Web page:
The british artist presents a new body of work inspired by her recent research in China. Exploring the traditional pictographic characters as encountered in street signs and commercialised logos, Finn-Kelcey appropriates them for their design and formal qualities rather than for what they actually mean.
This winter, Milton Keynes Gallery will show British artist Rose Finn-Kelcey’s most comprehensive exhibition in nearly ten years. It comprises three new sculptural installations made partly in response to a recent residency and tour of China. Typically for Finn-Kelcey, the use and misuse of language provides the focus for the exhibition.
Finn-Kelcey came to public prominence in the late 70s with a series of public interventions across London that took the form of colossal flags flown over certain landmarks in the city carrying slogans and false warnings. ‘Power for the People’ was flown over Battersea Power Station at the time of workers’ unrest, and ‘Here is a Gale Warning’ seen over BBC’s Alexandra Palace. The work was laced with irony and subversive wit, and sought to disrupt conventional notions of normality and the everyday. The complex thinking embodied in her work has touched on themes as varied as power and the dilemmas of mastery, the myth of the artist, the gaining of a voice and the deceptions of value. She has consistently experimented with different media, making performances, installations and sculpture.
Recent projects have included placing chocolate vending machines alongside the Millennium Dome which dispensed prayers instead of chocolate; a series of LED ‘instructions’ directing people what and what not to do; and Angel, which took the form of huge shimmer disc panels depicting the emoticon (text message symbol) of an angel on the facade of an East London church. Rescaled as an eighty square metre mural, Finn-Kelcey’s project allowed the symbol to gain new interpretations far removed from its original source.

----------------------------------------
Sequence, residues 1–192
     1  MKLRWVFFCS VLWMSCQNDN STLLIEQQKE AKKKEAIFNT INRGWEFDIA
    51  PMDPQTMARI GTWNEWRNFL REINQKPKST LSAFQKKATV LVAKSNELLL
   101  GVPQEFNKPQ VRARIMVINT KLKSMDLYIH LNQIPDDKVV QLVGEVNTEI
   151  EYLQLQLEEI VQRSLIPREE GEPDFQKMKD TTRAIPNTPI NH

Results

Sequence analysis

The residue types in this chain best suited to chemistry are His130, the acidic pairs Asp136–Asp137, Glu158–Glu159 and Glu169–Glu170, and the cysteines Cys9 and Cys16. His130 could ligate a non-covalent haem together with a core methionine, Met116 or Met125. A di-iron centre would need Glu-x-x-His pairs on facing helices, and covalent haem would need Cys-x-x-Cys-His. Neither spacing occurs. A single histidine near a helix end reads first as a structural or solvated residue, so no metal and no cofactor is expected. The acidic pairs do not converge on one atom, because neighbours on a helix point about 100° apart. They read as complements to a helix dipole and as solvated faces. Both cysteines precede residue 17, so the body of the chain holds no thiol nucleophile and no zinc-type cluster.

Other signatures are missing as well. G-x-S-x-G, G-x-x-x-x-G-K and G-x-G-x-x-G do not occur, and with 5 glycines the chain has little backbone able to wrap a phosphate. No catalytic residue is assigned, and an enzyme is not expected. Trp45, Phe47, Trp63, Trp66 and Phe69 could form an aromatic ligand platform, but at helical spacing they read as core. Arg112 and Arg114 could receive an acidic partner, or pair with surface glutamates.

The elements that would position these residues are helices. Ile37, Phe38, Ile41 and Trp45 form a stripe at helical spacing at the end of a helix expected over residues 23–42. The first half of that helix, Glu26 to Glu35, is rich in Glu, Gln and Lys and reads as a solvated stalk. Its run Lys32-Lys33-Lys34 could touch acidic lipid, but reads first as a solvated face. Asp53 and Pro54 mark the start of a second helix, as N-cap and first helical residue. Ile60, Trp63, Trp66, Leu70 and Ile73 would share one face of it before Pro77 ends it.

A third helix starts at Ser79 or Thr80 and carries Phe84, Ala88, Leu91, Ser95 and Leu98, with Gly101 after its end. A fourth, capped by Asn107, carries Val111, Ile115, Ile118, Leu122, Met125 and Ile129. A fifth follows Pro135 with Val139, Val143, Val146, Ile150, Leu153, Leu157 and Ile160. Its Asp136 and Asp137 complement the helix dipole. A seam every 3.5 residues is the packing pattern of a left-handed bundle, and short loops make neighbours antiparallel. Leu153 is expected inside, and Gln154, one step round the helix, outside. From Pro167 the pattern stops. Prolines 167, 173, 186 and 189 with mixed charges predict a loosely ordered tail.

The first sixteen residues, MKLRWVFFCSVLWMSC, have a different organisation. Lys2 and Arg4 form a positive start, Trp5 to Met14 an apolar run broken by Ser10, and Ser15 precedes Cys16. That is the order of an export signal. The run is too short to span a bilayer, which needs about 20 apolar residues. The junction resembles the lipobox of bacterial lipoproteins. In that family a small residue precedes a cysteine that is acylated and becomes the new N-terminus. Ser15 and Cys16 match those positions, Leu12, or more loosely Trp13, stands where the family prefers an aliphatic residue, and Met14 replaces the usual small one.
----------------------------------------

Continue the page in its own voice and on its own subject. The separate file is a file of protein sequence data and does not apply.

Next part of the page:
In her exhibition at Milton Keynes Gallery, Finn-Kelcey applies her characteristic blend of humour and pathos to investigate the nature of interpretation and re-contextualisation. Chinese characters collide and are conversely assimilated into new and alien contexts so that they are both lost and found in translation allowing the characters to develop new meanings. Appropriating street signage, fairground art and shop front hoardings, the exhibition demonstrates the extent and invention that has come to characterise much of Finn-Kelcey’s practice in recent years.
Rose Finn Kelcey’s trip to China was sponsored by the Red Mansion Foundation.
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Preview Fri 1 Dec 17.30-20.00
Milton Keynes Gallery
900 Midsummer Boulevard - Milton Keynes